Shannon Drury:How is it possible that we’re only a month out from the opening of the Wonder Woman movie? I can’t remember the last time I made a Target run without being pushed a product featuring Lego Batman, or worse–that annoying raccoon from ‘Guardians of the Galaxy.’ Right now is when I should be able to look in specially marked packages of Honey Nut Cheerios for the chance to win a Lasso of Truth!  

Look, we know how all of this works. The men who run Hollywood still believe that men are the default setting for humanity. The assumption is that women will go to films starring (even exclusively cast with) men, but men won’t return the favor. This is especially true for that most manly of genres, the superhero flick. I might not be the best person to weigh in on this debate, as I find current comic book films noisy and utterly devoid of the camp that twinkled in the eye of TV legend Lynda Carter. But while I may not be the target market for this movie, I have an eleven-year-old daughter who is. Why can’t she see Gal Gadot’s face on a can of Dr. Pepper? 

I see this through the lens of merchandising because in our fragmented media landscape, merchandising is more the message than ever.  I tell my daughter that she is important and visible and impactful, but she is looking closely at the Target toy aisles. She was thrilled that ‘The Force Awakens’ starred a young woman, but it took a tidal wave of feminist backlash to get Rey action figures and costumes in stores. Right now, cartoon images of Wonder Woman are the norm; Gadot’s fierce feminist made flesh might be a little too much for a nation that just rejected its smartest, most qualified presidential candidate in decades because she was female. I guess it’s up to us to buy those opening day tickets and start a hashtag calling for #Gadoritos.”

Sarah Fader, CEO of Stigma Fighters:I have not heard of this film and I’m surprised because I am very active on social media and my kids watch TV. I would think that I would be made aware of this film. It speaks to the internal misogyny in our society that this film is being under-promoted. That might sound hyperbolic, but I believe it’s accurate.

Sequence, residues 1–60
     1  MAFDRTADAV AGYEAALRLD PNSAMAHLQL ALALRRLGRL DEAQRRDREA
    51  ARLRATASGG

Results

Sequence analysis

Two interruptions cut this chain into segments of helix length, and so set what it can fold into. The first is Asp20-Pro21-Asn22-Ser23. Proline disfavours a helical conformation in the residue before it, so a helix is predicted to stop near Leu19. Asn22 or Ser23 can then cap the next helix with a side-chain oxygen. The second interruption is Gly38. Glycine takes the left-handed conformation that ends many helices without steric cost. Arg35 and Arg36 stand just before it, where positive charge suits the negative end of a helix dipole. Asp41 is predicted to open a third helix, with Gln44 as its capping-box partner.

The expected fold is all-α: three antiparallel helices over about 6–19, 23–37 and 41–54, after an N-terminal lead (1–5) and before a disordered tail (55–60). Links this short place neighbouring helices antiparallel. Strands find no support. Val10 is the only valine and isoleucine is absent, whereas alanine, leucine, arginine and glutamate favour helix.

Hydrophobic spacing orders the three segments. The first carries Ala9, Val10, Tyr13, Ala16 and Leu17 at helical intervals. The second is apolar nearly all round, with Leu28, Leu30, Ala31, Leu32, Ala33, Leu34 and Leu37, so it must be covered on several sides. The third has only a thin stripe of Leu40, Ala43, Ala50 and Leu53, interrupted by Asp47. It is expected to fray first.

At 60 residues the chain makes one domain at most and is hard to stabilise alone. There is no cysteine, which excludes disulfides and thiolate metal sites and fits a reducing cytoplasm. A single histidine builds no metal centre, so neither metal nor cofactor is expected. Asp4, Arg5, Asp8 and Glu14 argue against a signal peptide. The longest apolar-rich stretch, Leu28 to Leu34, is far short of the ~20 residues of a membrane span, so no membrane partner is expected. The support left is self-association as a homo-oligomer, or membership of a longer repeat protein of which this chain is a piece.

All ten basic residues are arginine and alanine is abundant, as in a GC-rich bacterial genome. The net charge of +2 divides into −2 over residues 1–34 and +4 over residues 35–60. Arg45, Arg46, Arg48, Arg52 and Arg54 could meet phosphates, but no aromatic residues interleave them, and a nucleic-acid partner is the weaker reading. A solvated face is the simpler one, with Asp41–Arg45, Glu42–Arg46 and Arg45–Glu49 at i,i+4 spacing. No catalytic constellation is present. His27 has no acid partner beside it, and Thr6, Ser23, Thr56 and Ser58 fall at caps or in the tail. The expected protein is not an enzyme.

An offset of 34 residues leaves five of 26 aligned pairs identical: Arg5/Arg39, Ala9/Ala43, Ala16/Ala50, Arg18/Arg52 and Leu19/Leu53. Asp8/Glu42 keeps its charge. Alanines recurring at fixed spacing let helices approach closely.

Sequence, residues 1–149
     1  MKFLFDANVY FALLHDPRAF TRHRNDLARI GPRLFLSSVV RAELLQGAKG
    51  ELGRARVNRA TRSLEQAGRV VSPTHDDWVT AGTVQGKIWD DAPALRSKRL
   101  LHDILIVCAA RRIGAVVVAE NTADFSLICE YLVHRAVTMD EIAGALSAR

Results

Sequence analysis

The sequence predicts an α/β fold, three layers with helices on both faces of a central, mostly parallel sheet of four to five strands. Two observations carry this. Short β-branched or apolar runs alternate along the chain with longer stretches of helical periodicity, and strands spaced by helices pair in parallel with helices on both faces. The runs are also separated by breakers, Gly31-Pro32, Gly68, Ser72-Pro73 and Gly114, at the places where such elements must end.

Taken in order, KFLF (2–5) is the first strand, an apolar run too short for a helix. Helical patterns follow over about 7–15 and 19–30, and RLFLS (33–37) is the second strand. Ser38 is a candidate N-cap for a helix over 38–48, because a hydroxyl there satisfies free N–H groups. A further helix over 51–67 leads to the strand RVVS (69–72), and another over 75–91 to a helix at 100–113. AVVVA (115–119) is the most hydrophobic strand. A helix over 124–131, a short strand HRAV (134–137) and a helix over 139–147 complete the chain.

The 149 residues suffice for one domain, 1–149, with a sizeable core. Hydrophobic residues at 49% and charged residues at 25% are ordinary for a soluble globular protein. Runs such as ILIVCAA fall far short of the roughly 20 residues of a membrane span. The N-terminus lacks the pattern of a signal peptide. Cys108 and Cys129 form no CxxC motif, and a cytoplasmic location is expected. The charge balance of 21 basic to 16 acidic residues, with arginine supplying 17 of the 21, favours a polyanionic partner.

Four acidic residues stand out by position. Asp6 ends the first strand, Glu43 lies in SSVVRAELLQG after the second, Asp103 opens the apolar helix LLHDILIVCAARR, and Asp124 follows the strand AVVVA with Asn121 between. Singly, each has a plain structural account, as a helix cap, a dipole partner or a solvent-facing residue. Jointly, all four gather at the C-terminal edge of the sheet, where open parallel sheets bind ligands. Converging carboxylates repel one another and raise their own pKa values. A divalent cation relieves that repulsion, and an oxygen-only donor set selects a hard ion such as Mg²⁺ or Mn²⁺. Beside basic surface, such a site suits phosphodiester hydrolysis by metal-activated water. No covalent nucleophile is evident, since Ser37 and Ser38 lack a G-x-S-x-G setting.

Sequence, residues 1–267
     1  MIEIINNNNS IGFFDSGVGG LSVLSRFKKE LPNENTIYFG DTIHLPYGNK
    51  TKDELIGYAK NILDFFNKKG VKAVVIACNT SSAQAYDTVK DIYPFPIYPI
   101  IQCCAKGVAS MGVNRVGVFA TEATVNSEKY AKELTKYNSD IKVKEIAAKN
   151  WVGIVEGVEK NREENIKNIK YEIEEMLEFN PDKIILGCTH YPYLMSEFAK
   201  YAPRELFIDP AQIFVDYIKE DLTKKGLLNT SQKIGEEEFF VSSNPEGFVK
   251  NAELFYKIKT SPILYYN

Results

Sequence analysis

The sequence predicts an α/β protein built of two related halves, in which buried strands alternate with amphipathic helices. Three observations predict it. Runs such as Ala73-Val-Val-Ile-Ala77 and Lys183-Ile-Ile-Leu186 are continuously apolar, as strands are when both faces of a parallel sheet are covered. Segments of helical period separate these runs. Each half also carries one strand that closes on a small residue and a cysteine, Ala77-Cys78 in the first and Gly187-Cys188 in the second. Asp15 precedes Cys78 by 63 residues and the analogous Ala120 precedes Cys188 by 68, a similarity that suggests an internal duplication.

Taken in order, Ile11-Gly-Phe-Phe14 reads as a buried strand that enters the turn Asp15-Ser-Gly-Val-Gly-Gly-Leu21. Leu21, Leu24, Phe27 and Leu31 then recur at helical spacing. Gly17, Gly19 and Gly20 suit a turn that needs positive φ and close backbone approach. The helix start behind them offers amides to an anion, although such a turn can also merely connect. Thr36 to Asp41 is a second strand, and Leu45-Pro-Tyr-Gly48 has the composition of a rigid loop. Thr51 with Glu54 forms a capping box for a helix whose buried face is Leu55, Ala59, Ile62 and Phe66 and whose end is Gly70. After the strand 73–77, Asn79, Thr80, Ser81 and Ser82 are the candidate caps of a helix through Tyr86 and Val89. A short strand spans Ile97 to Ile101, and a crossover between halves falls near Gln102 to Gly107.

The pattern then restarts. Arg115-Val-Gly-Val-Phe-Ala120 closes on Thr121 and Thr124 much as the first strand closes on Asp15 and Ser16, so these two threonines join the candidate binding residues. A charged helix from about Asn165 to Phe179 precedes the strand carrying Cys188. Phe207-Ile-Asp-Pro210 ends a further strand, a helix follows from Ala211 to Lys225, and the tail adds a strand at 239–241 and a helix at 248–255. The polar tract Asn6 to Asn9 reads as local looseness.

Girl superheroes are necessary and important. I am a big ‘Buffy the Vampire Slayer’ fan, and I have had both my kids (ages 9 and 6 — boy and girl) watch Buffy. I want them to be aware that women are strong and powerful. We need more of this integrated into our society in order to combat the inherent hatred for women that we have as a society. Women are powerful beyond the expectations of society. And we need to teach our children that women can be and are superheroes.”

Mayim Bialik:I don’t really know if the core superhero audience is ready for an entire woman-based franchise. I just don’t. Do I want it? Absolutely. But it’s a little bit like women’s sports; they don’t catch on the same way for a lot of reasons. I think what’s important is to realize that there IS an audience for this movie, and I am part of it. It may take some time for a larger audience to warm up to this, but we also can’t force it. Marketing people tend to do their research pretty good. Much as I want to blame them for not pushing this movie enough, I think it’s safe to say that there are going to be a lot of men and boys who aren’t as motivated to watch a woman battle and fight and soar about as they would be to watch a man. Maybe it’s a “Hero’s Journey” thing and they can’t picture themselves embodying attributes of a woman…maybe it’s misogyny (probably!). But ultimately, the reality is it’s complicated and the reality is I can’t wait to see it!

Have a question for our ragtag group of raging feminists? Send it to Avital Norman Nathman at TheMamafesto@gmail.com and it might just be answered in a future Feminism 101!